Green shoots of Asian demand for Goodpack LBO

Goodpack wraps up its $720 million leveraged buyout financing attracting some Asian investor interest.
Goodpack provides bulk cargo packaging and logistics
Goodpack provides bulk cargo packaging and logistics

Singapore packaging company Goodpack, which is being taken over by US private equity firm KKR for $1.4 billion, wrapped up its $720 million leveraged buyout financing on Tuesday, attracting about $100 million of interest from Asian institutional investors, according to a source familiar with the matter.

The presence of some regional demand for the high-yield loan augers well for the development of a non-bank lending market in Asia and industry players expect more borrowers to tap the US high-yield loan market in coming months.

The deal was always going to be driven by the US institutional investor base, but Goodpack had held investor meetings in Singapore in July to test demand in the region. There was one large order from an Asian investor for the second lien and some interest in the first lien.

“Asia was always going to be a smaller portion,” said the source familiar with the matter. “Just the fact that it’s not zero is interesting.” The ultimate amount allocated to Asia is unclear.

The leads upsized the unsecured seven-year first lien to $550 million from an initial indication of $520 million and downsized the eight-year second lien to $170 million from $200 million. The total funding size remained unchanged. This was in favour of the sponsor, as the second lien was more expensive, the source familiar with the matter said.

The first lien offered a margin of Libor plus 375bp and was offered at 99.25 to yield 4.94% while the second lien offered a margin of Libor plus 700bp and was offered at 99.25 to yield 8.19%. Across both tranches, the deal offered an average cost of financing of 5.70%, which is competitive for a single-B rated borrower.

In March, Blackstone-backed Pactera Technology sold a $275 million seven-year high-yield bond to yield 8%, in the first high-yield bond financed LBO since 2011. The notes were rated Ba3 by Moody’s. Goodpack’s first and second lien were rated B2 and B3 respectively.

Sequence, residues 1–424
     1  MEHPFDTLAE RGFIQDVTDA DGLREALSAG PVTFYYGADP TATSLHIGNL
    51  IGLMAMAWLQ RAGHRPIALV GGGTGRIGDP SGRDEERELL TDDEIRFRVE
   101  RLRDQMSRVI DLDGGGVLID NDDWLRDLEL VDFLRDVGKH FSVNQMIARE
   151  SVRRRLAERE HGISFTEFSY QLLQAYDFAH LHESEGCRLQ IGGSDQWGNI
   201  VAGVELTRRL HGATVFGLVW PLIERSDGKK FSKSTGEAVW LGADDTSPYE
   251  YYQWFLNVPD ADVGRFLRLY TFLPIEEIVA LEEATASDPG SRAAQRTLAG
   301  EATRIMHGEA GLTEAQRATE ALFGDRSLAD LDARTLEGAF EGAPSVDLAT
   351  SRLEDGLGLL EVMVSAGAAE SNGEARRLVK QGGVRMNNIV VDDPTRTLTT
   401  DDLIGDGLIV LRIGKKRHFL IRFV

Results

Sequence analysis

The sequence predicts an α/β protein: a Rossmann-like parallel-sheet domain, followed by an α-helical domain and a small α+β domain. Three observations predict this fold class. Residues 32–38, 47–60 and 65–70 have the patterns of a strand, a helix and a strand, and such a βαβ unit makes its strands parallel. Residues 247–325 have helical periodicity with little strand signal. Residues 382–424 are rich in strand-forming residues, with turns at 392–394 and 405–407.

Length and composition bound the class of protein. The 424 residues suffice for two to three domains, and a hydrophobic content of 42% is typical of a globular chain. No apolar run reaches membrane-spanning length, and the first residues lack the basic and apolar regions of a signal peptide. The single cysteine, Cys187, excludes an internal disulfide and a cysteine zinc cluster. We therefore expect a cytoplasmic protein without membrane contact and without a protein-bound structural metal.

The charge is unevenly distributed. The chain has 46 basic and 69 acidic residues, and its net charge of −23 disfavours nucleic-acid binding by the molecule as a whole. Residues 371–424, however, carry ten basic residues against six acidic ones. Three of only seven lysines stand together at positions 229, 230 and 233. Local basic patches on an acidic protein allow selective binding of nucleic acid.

Goodpack’s leveraged loan closed amid persistent weakness in the US high-yield market last week and the leads decided to accelerate the closure of the deal against that backdrop. Despite the broader weakness, Goodpack paid a smaller premium over its US counterparts than expected.

“The non US premium was about 25bp, which is lower than what many expected,” the source familiar with matter said. “It’s promising for Asian LBO as it shows they can be done in the US at attractive levels.”

For borrowers, the US market allows a leverage that is close to double what can be achieved in the Asian bank market. According to a Moody’s report in July, Goodpack’s debt-to-Ebitda ratio will be about 6.5 times at close. By comparison, the leverage levels for most Asian buyouts are about three times. Loans sold in the US market also have little amortisation and longer tenors.

Asian leveraged loans marketed to US institutional investors are showing signs of picking up as the Asian LBO market has been heating up during the past year. Meanwhile, the US leveraged loan market has been performing and the pricing levels at which companies can tap the market is compelling. US and European investment banks have also been promoting such loans to Asian companies.

According to Dealogic, the value of US institutional investor marketed leveraged loans from Asia Pacific ex-Japan totalled $10.9 billion last year but so far this year stands at just $1.8 billion. However, industry players expect an uptick of such loans in coming months. According to a second source at a bulge-bracket bank, he is currently working on a pipeline of about 11 such deals across Asia and Australia.

Chinese packaging company HCP, which was acquired by private equity firm TPG in 2012, is expected to close a $380 million covenant-lite loan financing targeting US institutional investors soon.

Earlier this year, Australian companies Sensis and Nextgen tapped US investors for loans. The latter, which is owned by the Ontario Teachers’ Pension Fund, refinanced its leveraged buyout by tapping the US loan market, as did Bobcat, a US forklift company that was bought by South Korea’s Doosan Infracore in 2007.

Morgan Stanley was lead left on the first lien and Credit Suisse was lead left on the second lien for Goodpack’s buyout financing. The joint lead arrangers for both tranches are Credit Suisse, Morgan Stanley, DBS, Goldman Sachs, KKR Capital, Macquarie, Mizuho and Natixis.

Goodpack provides bulk cargo packaging and logistics, particularly for companies in the rubber industry. It has operations in more than 70 countries.

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